I’m not going to touch the liturgical and theological changes within Anglicanism in the intervening decades, because I’m not up enough on the differences between what was held in Lewis’ time and modern doctrine to explain said differences. For much the same reasons, I’m also not going to touch his attitude towards Islam and Middle Eastern culture, except to say that I think the presentation of rural/small town England as the ideal was a theme common to other writers of the time; today, it just seems bucolic and quaint. No, just the feminism aspect: Yes, Lewis was a bit condescending towards girls in the first three books–in The Lion, The Witch and The Wardrobe, Aslan himself says that war is ugly when girls/women fight, in Prince Caspian, Peter says they’re unable to keep maps in their heads, while in Voyage of the Dawn Treader, Caspian gives Lucy his own cabin, the best on the ship, because she’s a girl. Lewis doesn’t help his case with those of us with modern sensibilities by putting our thoughts on the case in the mouth of the (at the time) vile Eustace. This does start changing with the later books: certainly Polly, while still girlish in the old model, has a firm character of her own, Aravis is both tough and independent and Jill can hold her own in woodscraft with even Tirian in The Last Battle, when the difference in ages is taken into account.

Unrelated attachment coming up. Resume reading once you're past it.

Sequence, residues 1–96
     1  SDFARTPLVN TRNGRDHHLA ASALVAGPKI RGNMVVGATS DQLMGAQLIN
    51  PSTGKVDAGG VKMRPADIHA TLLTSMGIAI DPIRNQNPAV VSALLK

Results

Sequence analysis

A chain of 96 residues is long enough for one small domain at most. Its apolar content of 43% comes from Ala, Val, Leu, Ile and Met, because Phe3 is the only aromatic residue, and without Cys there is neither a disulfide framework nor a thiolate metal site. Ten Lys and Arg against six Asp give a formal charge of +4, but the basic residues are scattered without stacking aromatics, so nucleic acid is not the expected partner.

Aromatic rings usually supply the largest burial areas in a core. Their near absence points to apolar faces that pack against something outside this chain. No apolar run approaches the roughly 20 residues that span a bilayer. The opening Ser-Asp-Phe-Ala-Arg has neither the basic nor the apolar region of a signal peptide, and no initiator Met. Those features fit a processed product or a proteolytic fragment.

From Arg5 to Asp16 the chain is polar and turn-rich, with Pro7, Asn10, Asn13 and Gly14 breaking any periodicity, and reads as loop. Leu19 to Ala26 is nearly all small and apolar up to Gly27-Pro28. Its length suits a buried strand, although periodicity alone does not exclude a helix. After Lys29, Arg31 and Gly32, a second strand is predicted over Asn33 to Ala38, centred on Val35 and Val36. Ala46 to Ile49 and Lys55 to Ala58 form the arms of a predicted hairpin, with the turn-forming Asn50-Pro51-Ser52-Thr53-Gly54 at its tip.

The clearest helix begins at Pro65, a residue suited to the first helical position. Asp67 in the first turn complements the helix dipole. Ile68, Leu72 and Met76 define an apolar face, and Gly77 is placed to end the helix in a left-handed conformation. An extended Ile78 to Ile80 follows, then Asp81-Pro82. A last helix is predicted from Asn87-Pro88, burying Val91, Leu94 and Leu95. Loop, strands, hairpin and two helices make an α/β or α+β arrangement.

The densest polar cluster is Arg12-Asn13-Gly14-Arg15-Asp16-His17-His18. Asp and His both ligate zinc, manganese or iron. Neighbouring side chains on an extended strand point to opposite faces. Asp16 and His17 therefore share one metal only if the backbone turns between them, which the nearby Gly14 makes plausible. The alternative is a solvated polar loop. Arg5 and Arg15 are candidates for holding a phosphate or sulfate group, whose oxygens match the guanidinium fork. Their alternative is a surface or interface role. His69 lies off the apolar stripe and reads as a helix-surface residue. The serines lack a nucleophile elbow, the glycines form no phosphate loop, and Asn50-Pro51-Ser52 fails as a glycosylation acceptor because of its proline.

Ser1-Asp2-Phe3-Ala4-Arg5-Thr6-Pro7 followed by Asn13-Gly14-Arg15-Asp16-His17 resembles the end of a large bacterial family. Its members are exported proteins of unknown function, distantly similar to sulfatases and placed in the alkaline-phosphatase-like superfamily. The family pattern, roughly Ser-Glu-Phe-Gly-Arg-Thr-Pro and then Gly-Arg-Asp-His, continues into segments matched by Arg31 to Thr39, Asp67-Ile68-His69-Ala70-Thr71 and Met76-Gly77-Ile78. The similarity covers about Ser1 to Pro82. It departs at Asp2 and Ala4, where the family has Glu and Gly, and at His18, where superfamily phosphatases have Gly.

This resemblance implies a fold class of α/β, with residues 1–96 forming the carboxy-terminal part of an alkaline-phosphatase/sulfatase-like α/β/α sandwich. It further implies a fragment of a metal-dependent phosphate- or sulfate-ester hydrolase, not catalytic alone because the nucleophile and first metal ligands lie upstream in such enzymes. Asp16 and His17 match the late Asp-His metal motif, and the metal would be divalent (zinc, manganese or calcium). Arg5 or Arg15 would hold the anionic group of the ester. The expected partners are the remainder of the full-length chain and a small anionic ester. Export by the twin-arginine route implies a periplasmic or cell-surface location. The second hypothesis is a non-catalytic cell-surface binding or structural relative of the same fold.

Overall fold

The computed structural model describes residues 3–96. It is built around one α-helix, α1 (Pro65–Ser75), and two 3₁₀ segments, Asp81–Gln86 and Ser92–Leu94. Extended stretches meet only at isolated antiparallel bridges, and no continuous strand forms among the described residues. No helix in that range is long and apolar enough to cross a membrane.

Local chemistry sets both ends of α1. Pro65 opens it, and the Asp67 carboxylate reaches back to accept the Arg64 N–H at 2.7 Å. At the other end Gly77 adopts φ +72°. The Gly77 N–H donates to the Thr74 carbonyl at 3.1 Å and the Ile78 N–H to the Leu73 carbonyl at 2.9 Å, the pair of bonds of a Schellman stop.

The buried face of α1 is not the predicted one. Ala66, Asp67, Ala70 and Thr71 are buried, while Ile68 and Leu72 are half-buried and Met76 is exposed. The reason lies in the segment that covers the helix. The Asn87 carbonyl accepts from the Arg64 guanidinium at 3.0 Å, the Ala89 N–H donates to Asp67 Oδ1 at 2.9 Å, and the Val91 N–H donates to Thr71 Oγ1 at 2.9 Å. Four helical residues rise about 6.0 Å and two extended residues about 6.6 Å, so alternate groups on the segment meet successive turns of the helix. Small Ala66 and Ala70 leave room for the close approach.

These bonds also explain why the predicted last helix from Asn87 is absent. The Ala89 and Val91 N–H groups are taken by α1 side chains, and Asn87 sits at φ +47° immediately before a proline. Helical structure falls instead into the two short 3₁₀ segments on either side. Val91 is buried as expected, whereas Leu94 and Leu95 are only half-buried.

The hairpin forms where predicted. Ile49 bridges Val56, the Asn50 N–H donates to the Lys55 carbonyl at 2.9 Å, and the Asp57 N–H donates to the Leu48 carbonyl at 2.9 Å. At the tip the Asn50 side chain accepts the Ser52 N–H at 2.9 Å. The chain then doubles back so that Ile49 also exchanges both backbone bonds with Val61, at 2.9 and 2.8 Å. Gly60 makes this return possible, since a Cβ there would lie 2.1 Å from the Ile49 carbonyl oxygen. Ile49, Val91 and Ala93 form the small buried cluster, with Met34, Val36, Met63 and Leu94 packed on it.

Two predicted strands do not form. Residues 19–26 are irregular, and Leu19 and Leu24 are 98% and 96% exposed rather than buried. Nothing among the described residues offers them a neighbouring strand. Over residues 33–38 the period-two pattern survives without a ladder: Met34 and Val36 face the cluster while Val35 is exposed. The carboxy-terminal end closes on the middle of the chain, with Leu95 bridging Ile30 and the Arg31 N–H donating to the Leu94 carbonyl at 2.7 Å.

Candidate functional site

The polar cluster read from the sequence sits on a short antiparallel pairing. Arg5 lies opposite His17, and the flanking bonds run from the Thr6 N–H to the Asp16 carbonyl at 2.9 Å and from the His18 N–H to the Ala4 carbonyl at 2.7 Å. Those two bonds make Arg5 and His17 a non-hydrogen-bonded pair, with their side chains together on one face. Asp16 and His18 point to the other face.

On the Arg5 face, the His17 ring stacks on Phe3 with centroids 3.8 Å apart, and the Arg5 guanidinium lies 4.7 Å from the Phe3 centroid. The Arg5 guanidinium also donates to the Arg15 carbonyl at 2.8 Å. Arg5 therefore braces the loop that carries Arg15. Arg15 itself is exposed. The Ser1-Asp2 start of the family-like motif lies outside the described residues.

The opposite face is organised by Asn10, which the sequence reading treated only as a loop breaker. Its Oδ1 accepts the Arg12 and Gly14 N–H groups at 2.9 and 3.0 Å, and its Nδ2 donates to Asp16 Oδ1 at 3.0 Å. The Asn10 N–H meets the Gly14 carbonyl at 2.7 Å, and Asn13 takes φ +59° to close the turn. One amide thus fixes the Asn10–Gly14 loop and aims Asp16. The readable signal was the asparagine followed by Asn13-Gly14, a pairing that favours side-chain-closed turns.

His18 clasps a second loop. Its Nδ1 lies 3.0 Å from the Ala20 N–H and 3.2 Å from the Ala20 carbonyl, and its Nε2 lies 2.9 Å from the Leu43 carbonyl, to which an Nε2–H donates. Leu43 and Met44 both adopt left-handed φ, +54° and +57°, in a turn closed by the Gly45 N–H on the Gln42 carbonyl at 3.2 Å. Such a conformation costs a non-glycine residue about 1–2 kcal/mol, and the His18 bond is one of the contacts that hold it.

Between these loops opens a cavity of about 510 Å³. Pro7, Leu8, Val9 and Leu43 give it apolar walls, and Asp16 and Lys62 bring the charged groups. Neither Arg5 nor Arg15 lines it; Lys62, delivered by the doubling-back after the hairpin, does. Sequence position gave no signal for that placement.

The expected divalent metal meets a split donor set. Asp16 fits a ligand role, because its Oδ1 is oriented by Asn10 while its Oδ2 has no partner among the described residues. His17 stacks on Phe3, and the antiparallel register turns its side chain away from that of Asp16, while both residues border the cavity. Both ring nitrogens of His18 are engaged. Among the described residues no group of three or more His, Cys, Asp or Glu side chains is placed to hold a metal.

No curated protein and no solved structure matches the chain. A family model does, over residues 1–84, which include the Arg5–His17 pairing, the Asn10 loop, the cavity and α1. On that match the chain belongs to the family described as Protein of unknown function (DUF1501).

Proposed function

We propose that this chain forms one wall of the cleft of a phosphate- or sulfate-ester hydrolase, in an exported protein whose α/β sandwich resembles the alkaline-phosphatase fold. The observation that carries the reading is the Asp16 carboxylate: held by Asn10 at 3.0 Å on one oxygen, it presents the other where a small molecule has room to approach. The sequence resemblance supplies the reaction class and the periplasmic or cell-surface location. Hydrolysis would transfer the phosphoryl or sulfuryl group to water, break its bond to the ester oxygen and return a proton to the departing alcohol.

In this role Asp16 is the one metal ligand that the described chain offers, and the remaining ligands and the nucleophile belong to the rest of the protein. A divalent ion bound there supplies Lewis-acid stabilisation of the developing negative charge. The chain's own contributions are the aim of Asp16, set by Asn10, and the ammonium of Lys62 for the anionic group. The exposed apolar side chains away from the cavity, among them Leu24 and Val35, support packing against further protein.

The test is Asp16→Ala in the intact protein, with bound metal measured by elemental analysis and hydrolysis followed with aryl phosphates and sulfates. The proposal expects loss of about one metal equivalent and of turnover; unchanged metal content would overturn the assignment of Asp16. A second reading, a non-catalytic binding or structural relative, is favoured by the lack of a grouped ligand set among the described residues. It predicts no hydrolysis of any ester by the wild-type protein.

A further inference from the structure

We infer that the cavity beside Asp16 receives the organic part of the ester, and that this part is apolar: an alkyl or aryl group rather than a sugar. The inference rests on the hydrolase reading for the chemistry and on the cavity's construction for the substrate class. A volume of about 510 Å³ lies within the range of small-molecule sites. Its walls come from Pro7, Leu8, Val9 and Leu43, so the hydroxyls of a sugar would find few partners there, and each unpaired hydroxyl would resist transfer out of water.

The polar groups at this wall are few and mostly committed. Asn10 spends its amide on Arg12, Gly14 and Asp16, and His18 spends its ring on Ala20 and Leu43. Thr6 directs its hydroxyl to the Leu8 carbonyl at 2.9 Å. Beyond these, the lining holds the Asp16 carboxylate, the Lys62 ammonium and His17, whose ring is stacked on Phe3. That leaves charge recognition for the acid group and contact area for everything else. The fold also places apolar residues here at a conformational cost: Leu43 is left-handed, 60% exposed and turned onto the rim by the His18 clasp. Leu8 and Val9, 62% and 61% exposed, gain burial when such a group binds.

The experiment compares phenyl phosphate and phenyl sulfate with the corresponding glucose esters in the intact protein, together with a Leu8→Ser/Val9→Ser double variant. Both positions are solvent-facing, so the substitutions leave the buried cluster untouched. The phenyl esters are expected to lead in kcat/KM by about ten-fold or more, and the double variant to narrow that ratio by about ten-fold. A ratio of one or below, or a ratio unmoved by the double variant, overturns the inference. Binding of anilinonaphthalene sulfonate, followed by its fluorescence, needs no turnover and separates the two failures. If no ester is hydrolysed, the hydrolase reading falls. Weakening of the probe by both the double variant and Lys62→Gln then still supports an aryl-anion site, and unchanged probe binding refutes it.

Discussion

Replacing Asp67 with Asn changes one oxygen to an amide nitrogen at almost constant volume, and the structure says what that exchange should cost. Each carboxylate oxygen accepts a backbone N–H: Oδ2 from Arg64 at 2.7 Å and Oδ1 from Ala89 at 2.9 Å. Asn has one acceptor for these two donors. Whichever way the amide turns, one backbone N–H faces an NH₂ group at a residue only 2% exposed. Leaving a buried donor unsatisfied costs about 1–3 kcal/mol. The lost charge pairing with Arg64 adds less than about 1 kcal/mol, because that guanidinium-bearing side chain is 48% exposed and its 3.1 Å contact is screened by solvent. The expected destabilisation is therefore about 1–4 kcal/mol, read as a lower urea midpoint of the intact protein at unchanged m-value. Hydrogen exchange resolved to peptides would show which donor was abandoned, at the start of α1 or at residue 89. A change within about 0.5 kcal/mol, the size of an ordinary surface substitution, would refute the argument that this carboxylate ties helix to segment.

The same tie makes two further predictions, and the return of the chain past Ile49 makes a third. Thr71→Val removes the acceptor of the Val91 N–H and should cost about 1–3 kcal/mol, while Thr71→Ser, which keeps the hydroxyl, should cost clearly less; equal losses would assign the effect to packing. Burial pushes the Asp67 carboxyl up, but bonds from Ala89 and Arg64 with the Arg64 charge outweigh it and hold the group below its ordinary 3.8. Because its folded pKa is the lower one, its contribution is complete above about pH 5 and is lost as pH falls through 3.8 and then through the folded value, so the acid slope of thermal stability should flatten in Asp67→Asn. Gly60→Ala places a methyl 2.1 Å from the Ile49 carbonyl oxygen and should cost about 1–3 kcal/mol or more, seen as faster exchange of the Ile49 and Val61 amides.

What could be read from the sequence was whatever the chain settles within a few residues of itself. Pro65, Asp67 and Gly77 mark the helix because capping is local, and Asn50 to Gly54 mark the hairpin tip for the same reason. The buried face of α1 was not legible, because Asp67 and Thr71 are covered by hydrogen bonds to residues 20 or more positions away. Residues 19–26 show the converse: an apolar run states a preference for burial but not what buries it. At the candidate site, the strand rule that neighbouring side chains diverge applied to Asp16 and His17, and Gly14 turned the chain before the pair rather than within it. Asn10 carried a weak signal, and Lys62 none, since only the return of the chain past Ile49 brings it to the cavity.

The series is undeniably Christian allegory, but they’re worth reading simply as children’s fantasy, just as Lewis’ Space Trilogy can be read as science fiction. I am going to say again what I said at the beginning: they’re children’s books. They’re not intended to be subtle. They’re not intended to be complex. Just imagine that your favorite uncle has you on his knee and is telling you a fairy tale before bedtime.

1More rudely put: they’ve been talked to death elsewhere. We’re talking stuff that people write honors theses about.
2the Rapture, if you’re into that sort of thing, or Heaven/Paradise, if you’re not

Advertisements

Leave a Reply

Fill in your details below or click an icon to log in:

WordPress.com Logo

You are commenting using your WordPress.com account. Log Out / Change )

Twitter picture

You are commenting using your Twitter account. Log Out / Change )

Facebook photo

You are commenting using your Facebook account. Log Out / Change )

Google+ photo

You are commenting using your Google+ account. Log Out / Change )

Connecting to %s